What can an iconic brand like Levi Strauss learn from listening to its customers? As it turns out, plenty!
The Disconnect Between Companies and Customers
As companies grow, there are inherent challenges to gathering and acting upon meaningful insights from customers. Some structural (ex. multiple layers between decision makers and front-line personnel), others cultural (ex. overestimating the power of brand relevance in a hyper-competitive market), while others are operational (ex. lacking systems and technology to gather and share data).
Understanding Your Customers
Whatever the case, building a successful marketing function within your organization requires putting your customers front and center of all your marketing activities. It’s the only way to truly understand how they use your products, what features and benefits they care about most, and the words and phrases they use to refer to your brand. Priceless information. Information you typically won’t have at your disposal unless you seek it out!
Levi’s Listening Tour
In the case of Levi Strauss, newly appointed CEO Chip Bergh went on an extensive listening tour. During his first month on the job he met with every top executive. During the second month he scheduled an in-home visit with a customer in Bangalore--and that’s when he struck marketing gold. As he met with her, he learned she had 10 pairs of jeans representing a range of different brands. They talked about each and every pair. What she liked, what she didn’t, and when she wore them. It was during that exchange she said “You wear other jeans, but you live in Levi’s.” Boom! Just like that, Levi’s had a new advertising tagline. All from taking the time to listen to a customer.
I still get goosebumps when I recall that moment. To me, her words captured the essence of our brand.Chip Bergh, President & CEO Levi Strauss
The Key to Gathering Customer Insights
Listening to your customers is one of the absolute easiest and inexpensive things you can ever do. Something that can help shape the direction and success of your marketing campaigns, refine your messaging to better reflect your customers’ wants and needs, and build deeper connections with the people that buy your products. As the Levi’s example points out, listening to your customers doesn’t have to be complicated or labor intensive. Here are five tips for listening to your customers:
Start with broad questions about lifestyle and interests. This not only helps to serve as a conversational ice breaker, but it can also provide incredibly useful insights into the experiences and views that help shape how and why they use your product. For example, where do they live (on their own? with their parents? with a partner?)? Where did they go to school? What industry do they work in? What are their hobbies?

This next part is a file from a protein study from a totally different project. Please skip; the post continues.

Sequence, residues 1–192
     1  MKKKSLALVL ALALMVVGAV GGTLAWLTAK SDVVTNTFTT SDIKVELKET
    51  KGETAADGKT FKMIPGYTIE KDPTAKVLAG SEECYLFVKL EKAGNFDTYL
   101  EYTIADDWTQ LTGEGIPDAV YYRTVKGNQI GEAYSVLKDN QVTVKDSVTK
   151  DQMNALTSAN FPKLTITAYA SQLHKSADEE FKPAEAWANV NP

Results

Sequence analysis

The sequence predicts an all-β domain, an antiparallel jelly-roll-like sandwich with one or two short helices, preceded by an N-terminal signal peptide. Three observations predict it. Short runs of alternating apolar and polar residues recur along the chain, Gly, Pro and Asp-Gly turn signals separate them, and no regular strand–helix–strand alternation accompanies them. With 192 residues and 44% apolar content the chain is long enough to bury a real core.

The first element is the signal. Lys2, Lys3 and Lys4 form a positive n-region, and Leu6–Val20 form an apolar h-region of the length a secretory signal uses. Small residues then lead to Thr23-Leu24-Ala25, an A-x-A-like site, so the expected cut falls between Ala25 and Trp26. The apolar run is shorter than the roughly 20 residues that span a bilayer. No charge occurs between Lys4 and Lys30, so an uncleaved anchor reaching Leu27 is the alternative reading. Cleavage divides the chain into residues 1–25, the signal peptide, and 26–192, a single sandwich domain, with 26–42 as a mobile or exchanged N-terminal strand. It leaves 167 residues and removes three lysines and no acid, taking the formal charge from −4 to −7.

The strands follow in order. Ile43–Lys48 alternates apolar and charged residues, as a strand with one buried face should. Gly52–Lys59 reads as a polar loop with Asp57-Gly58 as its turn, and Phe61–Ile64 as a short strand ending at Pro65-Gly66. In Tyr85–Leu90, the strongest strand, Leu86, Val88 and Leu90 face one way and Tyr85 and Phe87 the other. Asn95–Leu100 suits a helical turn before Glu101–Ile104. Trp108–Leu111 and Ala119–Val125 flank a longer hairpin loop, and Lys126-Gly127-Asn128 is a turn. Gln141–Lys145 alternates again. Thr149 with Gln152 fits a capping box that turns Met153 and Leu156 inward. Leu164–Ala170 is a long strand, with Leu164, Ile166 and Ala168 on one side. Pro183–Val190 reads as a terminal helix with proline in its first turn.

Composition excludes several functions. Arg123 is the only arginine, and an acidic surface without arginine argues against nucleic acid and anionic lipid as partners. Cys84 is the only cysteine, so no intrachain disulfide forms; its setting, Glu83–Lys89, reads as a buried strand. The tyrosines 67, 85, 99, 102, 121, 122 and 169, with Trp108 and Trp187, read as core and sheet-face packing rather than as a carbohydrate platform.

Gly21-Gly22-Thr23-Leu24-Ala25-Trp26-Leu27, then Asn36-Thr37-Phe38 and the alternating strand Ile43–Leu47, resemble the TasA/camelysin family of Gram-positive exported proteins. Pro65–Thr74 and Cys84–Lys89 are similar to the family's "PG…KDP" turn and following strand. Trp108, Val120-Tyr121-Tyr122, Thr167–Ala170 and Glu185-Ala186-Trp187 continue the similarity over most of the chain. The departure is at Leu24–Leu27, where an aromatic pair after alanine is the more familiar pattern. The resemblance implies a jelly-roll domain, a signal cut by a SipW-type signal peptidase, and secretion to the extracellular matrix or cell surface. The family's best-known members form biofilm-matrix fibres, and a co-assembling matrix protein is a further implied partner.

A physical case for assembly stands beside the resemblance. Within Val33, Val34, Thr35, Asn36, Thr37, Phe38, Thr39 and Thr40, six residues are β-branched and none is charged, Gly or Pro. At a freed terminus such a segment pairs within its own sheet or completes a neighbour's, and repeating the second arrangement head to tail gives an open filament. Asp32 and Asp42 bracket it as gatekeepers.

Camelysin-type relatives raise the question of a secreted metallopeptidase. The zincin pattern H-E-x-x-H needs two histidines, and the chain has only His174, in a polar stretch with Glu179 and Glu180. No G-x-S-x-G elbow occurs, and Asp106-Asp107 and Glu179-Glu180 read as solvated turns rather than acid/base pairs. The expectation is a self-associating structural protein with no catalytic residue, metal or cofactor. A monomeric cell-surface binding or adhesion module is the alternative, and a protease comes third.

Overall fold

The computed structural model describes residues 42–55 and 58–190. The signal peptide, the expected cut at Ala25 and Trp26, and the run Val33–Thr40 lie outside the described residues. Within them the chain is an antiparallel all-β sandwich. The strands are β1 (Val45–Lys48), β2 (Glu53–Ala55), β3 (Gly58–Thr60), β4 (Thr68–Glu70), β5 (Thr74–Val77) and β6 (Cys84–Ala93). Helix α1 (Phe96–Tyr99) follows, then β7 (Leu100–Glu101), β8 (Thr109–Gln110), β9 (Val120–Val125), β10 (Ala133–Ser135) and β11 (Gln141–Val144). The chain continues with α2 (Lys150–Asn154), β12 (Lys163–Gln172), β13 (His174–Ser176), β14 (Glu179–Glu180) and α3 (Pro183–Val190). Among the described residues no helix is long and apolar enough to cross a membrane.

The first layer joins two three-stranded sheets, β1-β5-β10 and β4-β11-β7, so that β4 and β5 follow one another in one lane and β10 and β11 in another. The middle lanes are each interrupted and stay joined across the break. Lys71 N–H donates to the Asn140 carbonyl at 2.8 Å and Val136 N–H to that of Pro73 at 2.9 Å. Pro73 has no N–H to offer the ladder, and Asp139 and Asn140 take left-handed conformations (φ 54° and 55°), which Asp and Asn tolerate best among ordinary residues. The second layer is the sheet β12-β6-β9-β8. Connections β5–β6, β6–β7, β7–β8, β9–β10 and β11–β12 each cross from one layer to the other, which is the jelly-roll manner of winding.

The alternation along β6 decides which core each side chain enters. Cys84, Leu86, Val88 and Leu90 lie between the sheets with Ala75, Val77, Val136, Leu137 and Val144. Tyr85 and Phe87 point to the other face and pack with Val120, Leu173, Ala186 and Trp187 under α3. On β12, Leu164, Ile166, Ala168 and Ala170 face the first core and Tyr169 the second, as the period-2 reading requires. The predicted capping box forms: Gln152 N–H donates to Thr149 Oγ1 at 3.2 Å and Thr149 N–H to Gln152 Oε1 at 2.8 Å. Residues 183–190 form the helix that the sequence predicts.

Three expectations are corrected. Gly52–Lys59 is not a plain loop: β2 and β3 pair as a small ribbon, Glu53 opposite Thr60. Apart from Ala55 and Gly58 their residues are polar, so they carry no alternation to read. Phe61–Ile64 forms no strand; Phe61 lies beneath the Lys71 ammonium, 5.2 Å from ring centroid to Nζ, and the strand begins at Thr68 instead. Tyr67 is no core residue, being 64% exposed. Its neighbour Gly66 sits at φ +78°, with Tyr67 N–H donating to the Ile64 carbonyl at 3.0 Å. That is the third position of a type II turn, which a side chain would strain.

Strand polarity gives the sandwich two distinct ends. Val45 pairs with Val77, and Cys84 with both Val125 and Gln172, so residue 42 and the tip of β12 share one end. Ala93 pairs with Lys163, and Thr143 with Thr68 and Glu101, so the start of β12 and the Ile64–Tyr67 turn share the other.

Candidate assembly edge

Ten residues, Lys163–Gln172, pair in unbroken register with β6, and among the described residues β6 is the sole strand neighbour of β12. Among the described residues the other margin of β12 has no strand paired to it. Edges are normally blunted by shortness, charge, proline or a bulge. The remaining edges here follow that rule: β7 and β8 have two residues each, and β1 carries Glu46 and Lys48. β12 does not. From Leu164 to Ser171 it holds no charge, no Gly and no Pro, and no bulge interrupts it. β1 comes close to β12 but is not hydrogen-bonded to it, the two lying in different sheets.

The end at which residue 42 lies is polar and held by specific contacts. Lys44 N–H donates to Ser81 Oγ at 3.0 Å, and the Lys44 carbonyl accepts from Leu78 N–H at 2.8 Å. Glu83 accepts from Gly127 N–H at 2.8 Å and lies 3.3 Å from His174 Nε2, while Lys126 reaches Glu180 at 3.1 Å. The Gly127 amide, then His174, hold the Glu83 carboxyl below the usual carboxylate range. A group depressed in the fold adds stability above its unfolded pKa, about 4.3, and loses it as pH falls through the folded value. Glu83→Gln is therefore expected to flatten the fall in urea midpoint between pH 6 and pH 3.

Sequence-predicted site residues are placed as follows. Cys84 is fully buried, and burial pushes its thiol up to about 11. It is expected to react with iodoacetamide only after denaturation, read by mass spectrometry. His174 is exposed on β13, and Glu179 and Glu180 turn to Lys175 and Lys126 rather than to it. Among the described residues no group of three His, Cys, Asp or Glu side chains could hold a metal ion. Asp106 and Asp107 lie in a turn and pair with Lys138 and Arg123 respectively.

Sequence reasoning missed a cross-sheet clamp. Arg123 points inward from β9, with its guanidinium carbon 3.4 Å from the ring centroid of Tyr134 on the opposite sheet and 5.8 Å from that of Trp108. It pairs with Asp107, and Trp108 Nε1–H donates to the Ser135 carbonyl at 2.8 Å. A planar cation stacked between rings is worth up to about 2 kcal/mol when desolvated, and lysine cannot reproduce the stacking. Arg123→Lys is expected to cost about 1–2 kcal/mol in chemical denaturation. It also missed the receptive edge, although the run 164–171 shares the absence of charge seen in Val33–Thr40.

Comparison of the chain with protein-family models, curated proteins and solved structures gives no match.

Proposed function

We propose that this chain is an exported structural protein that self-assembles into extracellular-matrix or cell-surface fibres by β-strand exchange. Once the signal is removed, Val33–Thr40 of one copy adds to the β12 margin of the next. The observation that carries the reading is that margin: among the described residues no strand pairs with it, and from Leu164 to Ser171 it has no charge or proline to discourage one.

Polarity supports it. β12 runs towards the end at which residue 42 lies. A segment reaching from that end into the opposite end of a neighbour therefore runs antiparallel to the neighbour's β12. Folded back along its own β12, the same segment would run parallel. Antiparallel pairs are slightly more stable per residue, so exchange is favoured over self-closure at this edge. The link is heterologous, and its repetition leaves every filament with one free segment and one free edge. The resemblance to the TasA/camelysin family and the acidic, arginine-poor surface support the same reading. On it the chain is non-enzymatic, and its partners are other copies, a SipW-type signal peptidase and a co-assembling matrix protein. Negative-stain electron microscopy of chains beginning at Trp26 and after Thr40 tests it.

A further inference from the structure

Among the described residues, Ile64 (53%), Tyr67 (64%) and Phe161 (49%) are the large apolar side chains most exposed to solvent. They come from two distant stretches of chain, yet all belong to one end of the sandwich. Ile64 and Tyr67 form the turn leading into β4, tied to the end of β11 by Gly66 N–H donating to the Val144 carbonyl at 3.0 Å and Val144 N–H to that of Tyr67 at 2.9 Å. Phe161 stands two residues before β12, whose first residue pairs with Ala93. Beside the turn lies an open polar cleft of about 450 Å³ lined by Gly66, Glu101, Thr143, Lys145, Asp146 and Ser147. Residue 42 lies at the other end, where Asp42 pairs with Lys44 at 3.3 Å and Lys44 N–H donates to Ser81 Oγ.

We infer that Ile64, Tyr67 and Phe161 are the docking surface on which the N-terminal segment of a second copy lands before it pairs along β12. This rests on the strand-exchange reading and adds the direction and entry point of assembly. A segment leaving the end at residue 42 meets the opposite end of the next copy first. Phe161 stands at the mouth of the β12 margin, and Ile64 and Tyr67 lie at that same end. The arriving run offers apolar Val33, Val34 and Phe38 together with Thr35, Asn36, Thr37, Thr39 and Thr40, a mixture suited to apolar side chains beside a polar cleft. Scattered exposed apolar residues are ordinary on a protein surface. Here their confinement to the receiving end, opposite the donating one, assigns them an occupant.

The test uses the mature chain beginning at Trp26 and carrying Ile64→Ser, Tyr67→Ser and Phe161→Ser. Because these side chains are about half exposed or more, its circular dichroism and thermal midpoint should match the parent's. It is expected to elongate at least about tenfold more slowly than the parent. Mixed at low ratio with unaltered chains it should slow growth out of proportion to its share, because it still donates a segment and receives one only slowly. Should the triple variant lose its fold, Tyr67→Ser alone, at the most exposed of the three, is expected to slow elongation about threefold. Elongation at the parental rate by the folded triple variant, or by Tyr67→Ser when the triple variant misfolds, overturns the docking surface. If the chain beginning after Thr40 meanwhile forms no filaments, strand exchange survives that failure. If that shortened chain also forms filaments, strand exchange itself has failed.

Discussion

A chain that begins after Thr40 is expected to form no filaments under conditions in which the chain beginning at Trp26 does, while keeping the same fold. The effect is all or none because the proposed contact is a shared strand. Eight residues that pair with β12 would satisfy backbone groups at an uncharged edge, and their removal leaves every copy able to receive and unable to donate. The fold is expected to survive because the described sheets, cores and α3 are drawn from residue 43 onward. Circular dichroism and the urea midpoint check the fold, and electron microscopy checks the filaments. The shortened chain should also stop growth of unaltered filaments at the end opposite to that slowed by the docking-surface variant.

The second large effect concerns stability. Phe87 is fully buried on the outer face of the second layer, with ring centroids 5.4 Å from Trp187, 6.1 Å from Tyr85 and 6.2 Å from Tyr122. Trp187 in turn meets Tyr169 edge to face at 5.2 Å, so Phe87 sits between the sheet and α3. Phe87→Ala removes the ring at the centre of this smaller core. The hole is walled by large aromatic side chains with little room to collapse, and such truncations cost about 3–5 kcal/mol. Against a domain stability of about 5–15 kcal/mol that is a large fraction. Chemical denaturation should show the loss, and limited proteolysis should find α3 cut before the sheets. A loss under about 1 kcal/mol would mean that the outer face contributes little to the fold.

Narrow down your questions to focus specifically on how they use your product as well as those of your competitors. In the case of Levi’s, Bergh walked through every pair of jeans the customer owned—not just their brand of jeans. Without that distinction, their conversation likely wouldn’t have gone in the same direction.
Ask follow up questions as needed based on the flow of the conversation. When we interview customers on behalf of clients, this is where we always find the best insights. We’re always listening for those hidden gems that only come from real-time conversations.
Review your responses. Here the important thing is to look for anything that immediately jumps out. If you’re lucky enough to hear something as powerful as “You wear other jeans, but you live in Levi’s” you’ll know right away you have something special. Other times you have to dig a little deeper to identify the right themes and takeaways.
Take action. Listening to your customers is only the beginning. To have a real impact, you need to put their words into action. Identify the right internal team and work together to develop and execute a cohesive marketing strategy.
In-home visits were once commonplace for most CPG (consumer packaged goods) companies, but the rapid shift in focus to digital marketing, increasing internal complexities of gathering and sharing actional insights, and budgetary constraints have stolen some of their thunder.
Regardless there’s still no substitute for listening to your customers first hand. Even if you’re faced with time and resource constraints, customer interviews don’t always have to be an in-home visit. Depending on your business and your products, you can always schedule a phone call or ask customers if they have a few minutes to share their thoughts on your products the next time they visit your business.
Want to learn more about how Chip Bergh is leading Levi’s brand back to growth? You can hear the whole story in this great write up in Harvard Business Review. You can also check out their #liveinlevis campaign on Instagram. Have questions about listening to your customers? Drop us a note.